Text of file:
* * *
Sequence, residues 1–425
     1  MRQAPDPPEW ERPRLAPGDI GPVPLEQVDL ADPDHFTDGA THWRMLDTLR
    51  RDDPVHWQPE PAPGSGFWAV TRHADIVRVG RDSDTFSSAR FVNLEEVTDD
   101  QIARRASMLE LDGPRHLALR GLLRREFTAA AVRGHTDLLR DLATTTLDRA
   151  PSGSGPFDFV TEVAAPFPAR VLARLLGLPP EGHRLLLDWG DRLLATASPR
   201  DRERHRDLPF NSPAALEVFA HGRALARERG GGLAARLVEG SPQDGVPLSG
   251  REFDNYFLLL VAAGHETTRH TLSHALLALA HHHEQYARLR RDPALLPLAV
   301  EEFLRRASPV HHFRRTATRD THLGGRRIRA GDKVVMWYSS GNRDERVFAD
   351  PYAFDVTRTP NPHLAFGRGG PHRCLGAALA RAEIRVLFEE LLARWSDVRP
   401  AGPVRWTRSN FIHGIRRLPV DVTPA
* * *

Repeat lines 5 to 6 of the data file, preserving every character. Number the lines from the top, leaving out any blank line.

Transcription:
   151  PSGSGPFDFV TEVAAPFPAR VLARLLGLPP EGHRLLLDWG DRLLATASPR
   201  DRERHRDLPF NSPAALEVFA HGRALARERG GGLAARLVEG SPQDGVPLSG